Let’s Give ‘Em Something To Talk About
Researchers say people are choosing public transit so they can stare at their smartphones, Fusion, Sept. 3, 2015
“A new study (Available here) from DePaul University’s Chaddick Institute for Metropolitan Development . . . looked at technology use on commuter trains in the Chicago area and found a correlation between the increased use of tech on trains over the last five years and a significant boost in ridership.”
Note: Even the author isn’t fully convinced that the technology is the cause of the increased ridership: “The researchers didn’t actually ask riders whether technology was the draw to the train”, but concedes that “Regardless of the merits of the study, this makes perfect sense”. My take? Whatever gets cars off the street.
These X-ray pills will map the inside of your body, Fusion, Aug. 31, 2015
“The pill comes equipped with tiny sensors that detect the time it takes for those beams to bounce off your intestines and back to the device. It’s a little bit like SONAR technology used by submarines, or the LIDAR sensors that help Google’s robotic cars sense the world around them, except SONAR uses sound and LIDAR uses lasers.”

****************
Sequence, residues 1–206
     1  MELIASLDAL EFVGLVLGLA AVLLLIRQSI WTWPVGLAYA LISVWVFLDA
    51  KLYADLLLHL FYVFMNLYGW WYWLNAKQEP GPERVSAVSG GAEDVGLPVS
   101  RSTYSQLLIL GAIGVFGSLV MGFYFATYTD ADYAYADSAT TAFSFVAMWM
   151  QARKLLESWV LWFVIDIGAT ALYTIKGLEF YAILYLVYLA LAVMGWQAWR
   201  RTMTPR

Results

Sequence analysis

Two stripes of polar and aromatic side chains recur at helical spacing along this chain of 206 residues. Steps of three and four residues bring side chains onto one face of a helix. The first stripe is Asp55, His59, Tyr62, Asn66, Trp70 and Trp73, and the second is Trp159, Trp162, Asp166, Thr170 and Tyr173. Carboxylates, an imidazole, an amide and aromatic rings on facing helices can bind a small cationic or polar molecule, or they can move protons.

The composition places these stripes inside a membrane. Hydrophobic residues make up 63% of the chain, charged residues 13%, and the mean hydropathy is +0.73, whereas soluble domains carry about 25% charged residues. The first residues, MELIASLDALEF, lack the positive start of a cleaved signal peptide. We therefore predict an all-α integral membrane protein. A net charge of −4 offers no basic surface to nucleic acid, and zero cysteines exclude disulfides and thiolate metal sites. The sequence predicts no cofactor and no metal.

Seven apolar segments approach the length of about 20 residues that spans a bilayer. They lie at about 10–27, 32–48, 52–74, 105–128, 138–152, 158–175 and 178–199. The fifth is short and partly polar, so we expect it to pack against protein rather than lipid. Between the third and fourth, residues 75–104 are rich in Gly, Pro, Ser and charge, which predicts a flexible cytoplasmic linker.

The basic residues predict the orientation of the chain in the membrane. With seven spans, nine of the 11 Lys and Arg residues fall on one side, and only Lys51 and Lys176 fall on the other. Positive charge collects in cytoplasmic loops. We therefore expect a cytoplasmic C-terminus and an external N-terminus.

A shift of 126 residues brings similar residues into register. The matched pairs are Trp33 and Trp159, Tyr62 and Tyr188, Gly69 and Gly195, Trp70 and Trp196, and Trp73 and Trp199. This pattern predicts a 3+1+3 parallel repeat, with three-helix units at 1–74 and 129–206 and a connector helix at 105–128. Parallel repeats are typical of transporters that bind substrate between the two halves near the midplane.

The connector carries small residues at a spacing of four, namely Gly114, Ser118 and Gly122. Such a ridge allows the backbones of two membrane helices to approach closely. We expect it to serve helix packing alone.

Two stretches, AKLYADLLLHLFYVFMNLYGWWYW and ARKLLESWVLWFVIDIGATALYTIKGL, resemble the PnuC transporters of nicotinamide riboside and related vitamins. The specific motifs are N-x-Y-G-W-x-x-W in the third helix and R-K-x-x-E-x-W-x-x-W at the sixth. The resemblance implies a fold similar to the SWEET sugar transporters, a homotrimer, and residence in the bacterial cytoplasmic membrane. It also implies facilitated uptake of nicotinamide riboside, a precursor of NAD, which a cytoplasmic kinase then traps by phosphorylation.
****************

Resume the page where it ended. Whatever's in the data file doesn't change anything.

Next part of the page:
Note: this sounds way more appealing than that whole tube thing that’s currently in vogue. Just make sure it does in fact make its way OUT of my body. Please and thanks.
We Interrupt Your Regularly Scheduled Programming to Bring You This Very Important Public Service Announcement
Defense Federal Acquisition Regulation Supplement: Network Penetration Reporting and Contracting for Cloud Services (DFARS Case 2013-D018), Federal Register, Aug. 26, 2015
“DoD is issuing an interim rule [available here] amending the Defense Federal Acquisition Regulation Supplement (DFARS) to implement a section of the National Defense Authorization Act for Fiscal Year 2013 and a section of the National Defense Authorization Act for Fiscal Year 2015, both of which require contractor reporting on network penetrations. Additionally, this rule implements DoD policy on the purchase of cloud computing services.. . . This rule is intended to streamline the reporting process for DoD contractors and minimize duplicative reporting processes. Cyber incidents involving classified information on classified contractor systems will continue to be reported in accordance with the National Industrial Security Program Operating Manual (see DoD-M 5220.22 available at http://www.dtic.mil/whs/directives/corres/pdf/522022m.pdf).